Marshall: What Have You Done for Me Lately?

Columnist Phillip Marshall writes about Auburn and SEC football as well as basketball.

Friday ramblings...

If you are looking for positive spin, call it passion. If you are looking for negative spin, call it obsession. Call it what you want, but college football's unique place in our state's culture has been on full display in recent days.

Since last Sunday, when Alabama fired football coach Mike Shula, the search for his replacement has been the biggest story going. By mid-day Thursday, word was spreading that Steve Spurrier had taken the job and would leave South Carolina for Alabama.

Normally reliable sources said the deal was done, that Spurrier had been given a godfather deal, an offer he couldn't refuse.

But later Thursday, Spurrier reportedly told his players he wasn't going anywhere. And the story continues this morning.

One name that won't go away, despite a statement in which he strongly denied any interest, is that of Miami Dolphins coach Nick Saban. And don't discount it. The longer the search goes on, the more likely it is that Saban is at least in the mix.

Any coach who comes to work in this state--at Alabama or Auburn--must deal with a unique situation. He'll be paid well, far better than most coaches. He'll have all the resources he needs to win in a big way. And if he does, he'll be a hero.

For the moment.

Perhaps nowhere in college football are memories shorter. How short? Since 1989, four coaches--three at Alabama and one at Auburn--have been fired or essentially fired less than a year after having 10-win seasons.

In 1989, Bill Curry was 10-0 at Alabama before losing to Auburn for the fourth consecutive time and to Miami in the Sugar Bowl. He was soon gone to Kentucky, having resigned before the axe fell.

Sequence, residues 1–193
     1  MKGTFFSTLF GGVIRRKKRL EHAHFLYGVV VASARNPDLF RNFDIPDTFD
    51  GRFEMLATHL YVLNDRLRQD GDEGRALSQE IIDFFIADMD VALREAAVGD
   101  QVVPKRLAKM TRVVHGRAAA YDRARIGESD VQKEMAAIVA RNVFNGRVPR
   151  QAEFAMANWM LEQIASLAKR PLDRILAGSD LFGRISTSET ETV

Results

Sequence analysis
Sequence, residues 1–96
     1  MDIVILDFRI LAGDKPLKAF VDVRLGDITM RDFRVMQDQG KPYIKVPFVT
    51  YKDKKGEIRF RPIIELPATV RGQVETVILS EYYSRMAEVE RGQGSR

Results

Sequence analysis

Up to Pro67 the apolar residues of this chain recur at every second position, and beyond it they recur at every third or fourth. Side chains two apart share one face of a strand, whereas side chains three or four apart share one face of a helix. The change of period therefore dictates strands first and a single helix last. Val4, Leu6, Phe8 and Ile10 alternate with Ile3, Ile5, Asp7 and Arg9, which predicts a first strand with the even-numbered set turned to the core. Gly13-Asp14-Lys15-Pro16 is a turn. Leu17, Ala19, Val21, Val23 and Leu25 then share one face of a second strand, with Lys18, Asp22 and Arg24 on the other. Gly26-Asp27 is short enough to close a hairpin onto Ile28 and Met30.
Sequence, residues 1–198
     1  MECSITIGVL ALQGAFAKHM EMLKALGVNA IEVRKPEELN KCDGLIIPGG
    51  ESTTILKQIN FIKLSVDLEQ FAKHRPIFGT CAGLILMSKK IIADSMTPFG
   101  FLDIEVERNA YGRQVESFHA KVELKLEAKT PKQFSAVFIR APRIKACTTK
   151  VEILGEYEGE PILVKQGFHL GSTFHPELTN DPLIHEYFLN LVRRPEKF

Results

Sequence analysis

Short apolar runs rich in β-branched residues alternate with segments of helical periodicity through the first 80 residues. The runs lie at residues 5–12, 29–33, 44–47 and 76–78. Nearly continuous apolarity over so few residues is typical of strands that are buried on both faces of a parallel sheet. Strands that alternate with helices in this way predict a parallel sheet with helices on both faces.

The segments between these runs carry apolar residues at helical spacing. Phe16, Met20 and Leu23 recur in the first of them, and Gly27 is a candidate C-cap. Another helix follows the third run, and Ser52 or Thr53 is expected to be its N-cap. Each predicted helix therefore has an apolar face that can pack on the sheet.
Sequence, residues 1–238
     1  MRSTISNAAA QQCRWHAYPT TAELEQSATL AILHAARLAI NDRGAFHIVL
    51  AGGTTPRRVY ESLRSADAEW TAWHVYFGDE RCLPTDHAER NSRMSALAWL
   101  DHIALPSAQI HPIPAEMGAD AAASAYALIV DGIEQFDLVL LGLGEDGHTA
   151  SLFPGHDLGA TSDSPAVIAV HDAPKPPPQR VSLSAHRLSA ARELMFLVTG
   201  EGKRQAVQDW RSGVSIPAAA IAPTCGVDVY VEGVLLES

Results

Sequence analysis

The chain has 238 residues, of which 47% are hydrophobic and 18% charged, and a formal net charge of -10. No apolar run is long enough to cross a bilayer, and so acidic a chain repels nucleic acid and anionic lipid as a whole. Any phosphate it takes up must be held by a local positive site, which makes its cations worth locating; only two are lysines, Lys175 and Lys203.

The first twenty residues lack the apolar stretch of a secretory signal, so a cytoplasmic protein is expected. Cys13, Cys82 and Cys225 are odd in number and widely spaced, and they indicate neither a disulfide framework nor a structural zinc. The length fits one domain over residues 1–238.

In 1997, Terry Bowden was 10-3 at Auburn and lost 30-29 to Tennessee in the Southeastern Conference Championship Game. He left in a huff halfway through the 1998 season, choosing to walk away from his players and his program when it became obvious he would be fired at season's end.

In 1999, Mike Dubose was 10-3 at Alabama and won the SEC championship. He beat Florida twice. Seven games into the 2000 season, he was told he would not be retained.

In 2005, Mike Shula was 10-2 at Alabama. In May of 2006, he received a contract extension and a large raise. We all know how that turned out.

And the beat goes on...

Auburn's young basketball team faces what could be its sternest test of the season Sunday when No. 2 Pittsburgh visits Memorial Coliseum. Not since South Carolina brought a No. 1 ranking to town in 1969 has a nonconference team so highly ranked played at Auburn.

But it's not just a test for Auburn's basketball team. It's also a test of how much interest there really is in Auburn basketball.

It'll be interesting to see how many people care enough to show up to watch...

Nothing is set in stone, but it appears the Cotton Bowl is by far the most likely destination for Auburn's football team.

If Arkansas beats Florida in Saturday's SEC Championship Game, the deal is done. Auburn will play the loser of the Big 12 Championship Game between Oklahoma and Nebraska in Dallas.

If Florida wins, the Outback and Capital One are possibilities, but even then, a trip to the Cotton Bowl would still be the most likely outcome...

Am I the only one that gets tired of hearing LSU coach Les Miles whine? His latest thing is that LSU, despite having two losses, is somehow more deserving of being in the championship game than Arkansas, which has one.

His rationale is that LSU beat Arkansas. Auburn, of course, beat LSU. And Florida. Auburn is the only team in college football with wins over two top five teams. Auburn isn't going for the same reason LSU isn't going. It didn't win when it had to win. Arkansas did.

The SEC has an unequal schedule. That's the way it is, the way it has always been and the way it will always be.

That's life...

Until next time...

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